Tools of the Trade: What’s the Deal with Glassdoor?

As a technologist in an HR related company, one of the questions I get the most is, “What’s the deal with Glassdoor?” It’s not an easy question to answer. 

For us, the value of Glassdoor is really a mixed bag. As a job search engine, it’s rather unimpressive. You’ll likely find that it has all the same jobs posted as all the other major job search engines but with a slightly awkward user experience. 

Where Glassdoor really shines is as a research tool. Glassdoor is more popularly known as a website where employees and former employees anonymously review companies, their interview practices, and their management. What this means for us is that we can learn a lot about our potential employers and their interview processes before interviewing or accepting an offer. But even this comes with some baggage.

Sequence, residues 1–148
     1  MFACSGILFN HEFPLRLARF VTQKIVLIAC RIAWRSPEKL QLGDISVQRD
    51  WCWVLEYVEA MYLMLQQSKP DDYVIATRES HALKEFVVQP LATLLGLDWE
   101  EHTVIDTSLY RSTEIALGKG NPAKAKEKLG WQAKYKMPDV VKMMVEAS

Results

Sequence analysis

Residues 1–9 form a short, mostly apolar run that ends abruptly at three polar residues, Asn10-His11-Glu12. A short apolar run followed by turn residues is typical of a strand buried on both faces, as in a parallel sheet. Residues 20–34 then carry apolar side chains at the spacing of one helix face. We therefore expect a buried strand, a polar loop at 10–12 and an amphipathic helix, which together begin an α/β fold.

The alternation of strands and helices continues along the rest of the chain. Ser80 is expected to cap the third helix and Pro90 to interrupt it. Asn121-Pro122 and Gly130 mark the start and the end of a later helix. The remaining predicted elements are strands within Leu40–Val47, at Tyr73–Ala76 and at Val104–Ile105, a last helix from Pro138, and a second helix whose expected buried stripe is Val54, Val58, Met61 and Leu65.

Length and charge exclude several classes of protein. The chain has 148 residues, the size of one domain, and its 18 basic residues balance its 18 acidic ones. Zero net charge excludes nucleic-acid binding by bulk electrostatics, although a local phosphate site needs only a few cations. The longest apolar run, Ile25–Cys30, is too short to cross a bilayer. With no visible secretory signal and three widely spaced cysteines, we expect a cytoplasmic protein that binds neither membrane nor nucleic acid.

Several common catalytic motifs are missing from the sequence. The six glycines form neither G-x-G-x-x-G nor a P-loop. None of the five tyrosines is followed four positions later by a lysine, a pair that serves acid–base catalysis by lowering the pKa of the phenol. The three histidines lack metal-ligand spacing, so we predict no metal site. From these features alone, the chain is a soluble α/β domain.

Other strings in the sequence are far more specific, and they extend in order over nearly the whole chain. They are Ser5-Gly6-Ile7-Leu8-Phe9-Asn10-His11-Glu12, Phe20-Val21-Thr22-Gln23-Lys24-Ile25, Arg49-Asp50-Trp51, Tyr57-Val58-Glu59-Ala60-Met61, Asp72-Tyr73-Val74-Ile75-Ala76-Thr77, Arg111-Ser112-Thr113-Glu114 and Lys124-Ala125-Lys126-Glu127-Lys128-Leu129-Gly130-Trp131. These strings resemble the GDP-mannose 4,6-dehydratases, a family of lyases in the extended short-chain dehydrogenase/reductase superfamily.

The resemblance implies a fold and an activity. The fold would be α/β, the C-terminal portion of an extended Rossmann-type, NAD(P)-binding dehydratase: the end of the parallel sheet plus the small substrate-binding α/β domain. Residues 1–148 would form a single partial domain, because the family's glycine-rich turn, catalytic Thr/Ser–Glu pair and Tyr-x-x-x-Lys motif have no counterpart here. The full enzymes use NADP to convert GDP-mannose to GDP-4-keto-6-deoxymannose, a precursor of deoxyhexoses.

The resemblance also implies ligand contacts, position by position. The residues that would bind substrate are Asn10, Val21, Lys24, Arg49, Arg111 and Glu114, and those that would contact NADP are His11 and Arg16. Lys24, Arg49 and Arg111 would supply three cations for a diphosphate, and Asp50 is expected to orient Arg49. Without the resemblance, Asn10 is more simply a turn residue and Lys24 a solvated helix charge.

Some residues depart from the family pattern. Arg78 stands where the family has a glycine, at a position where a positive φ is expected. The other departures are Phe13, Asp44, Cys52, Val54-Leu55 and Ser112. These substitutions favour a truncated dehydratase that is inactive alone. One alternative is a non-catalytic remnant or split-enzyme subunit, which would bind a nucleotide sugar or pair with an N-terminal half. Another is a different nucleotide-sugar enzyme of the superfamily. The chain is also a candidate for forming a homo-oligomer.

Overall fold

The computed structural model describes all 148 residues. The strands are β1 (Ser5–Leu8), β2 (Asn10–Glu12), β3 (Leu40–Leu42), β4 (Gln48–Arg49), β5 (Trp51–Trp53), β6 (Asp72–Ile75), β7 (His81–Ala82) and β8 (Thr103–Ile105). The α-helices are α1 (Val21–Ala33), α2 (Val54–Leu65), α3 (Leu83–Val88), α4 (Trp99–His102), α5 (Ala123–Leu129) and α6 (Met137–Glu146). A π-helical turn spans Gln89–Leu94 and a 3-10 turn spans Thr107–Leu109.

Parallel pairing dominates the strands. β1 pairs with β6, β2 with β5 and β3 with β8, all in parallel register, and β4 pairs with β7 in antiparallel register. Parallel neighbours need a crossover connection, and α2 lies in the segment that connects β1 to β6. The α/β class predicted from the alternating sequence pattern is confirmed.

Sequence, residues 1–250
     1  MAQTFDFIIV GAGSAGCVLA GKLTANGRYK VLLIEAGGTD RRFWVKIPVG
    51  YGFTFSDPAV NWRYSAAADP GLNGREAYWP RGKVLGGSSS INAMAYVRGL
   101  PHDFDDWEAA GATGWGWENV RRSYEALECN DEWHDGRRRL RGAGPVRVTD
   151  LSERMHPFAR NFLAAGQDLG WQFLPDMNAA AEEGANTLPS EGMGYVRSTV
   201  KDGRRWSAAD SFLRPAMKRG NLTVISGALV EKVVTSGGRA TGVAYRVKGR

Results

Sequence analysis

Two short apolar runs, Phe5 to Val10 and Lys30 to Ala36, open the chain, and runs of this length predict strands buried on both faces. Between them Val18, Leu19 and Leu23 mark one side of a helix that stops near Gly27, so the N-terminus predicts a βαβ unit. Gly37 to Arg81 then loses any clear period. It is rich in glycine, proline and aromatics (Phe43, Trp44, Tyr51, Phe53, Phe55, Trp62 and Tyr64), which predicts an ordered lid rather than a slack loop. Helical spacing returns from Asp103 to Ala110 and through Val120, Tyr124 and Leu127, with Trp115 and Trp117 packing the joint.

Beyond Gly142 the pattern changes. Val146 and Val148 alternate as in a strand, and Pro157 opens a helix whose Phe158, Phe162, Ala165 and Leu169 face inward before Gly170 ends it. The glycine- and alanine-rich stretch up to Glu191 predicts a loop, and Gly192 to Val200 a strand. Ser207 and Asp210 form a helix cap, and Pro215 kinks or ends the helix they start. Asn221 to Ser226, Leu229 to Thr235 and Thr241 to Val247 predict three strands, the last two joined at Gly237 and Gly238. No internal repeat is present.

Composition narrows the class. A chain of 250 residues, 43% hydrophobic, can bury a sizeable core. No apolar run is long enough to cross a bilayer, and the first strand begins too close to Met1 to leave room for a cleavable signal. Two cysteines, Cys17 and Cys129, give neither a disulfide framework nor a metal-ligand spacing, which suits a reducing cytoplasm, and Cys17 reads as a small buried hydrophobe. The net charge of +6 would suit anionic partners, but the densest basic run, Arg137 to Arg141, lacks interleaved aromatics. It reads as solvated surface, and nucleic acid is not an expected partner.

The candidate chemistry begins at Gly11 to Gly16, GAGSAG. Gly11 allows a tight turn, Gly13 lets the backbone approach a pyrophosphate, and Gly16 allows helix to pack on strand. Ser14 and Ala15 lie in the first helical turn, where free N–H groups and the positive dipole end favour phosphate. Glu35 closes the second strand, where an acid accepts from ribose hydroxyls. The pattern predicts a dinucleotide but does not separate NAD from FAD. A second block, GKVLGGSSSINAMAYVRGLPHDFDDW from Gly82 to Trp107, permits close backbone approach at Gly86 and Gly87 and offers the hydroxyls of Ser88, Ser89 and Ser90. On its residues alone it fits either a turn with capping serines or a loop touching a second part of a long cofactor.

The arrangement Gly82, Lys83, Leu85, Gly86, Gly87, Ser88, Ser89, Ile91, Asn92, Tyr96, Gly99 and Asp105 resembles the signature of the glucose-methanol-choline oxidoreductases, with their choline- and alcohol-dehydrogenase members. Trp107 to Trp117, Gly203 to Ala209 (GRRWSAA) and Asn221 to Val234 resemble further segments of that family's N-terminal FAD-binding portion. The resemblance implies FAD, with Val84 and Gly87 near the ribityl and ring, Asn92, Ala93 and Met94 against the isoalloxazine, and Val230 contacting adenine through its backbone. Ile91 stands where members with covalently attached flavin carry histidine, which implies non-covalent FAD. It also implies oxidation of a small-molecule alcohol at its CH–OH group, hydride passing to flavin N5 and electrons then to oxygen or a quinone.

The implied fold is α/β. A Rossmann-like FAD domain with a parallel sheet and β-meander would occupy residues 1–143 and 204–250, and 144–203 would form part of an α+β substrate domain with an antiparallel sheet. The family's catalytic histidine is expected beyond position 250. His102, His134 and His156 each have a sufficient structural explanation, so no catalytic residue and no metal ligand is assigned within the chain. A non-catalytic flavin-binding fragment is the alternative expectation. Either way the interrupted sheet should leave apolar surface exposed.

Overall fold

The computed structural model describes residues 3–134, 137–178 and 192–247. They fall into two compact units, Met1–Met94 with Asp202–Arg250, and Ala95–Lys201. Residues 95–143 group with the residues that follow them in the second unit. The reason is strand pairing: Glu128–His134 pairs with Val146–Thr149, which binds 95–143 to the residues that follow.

First, It’s a popular review site and most people who take the time to review something online are typically upset about something. Be prepared to see a lot of negative reviews that may or may not be warranted. Also, like many review sites, they may or may not even be true.

Second, Glassdoor knows about the first problem. And, they’ve gotten a lot of bad press for deleting negative reviews. I know it sounds like since the first issue of an abundance of negative reviews makes the second issue sound like a good idea, but the reality is that it amounts to censorship and you end up missing out on what could be critical information.

Despite these issues there’s still a lot of value in the company reviews. You just have to be smart about reading them. Spend time looking for trends and repetitious remarks. If one person says management is bad, then maybe they just feel slighted. If 15 people say management is bad, then perhaps there’s something to it. 

Something I’ve not yet mentioned is that Glassdoor also collects salary info. The data comes from employees as well but the way it collects that data makes it slightly more likely to be accurate. There’s typically no emotional part to sharing that information anonymously. 

We recommend you use Glassdoor, just be careful with the information, stay calm, and perhaps instead of letting bad reviews steer you away, let them guide you into the company.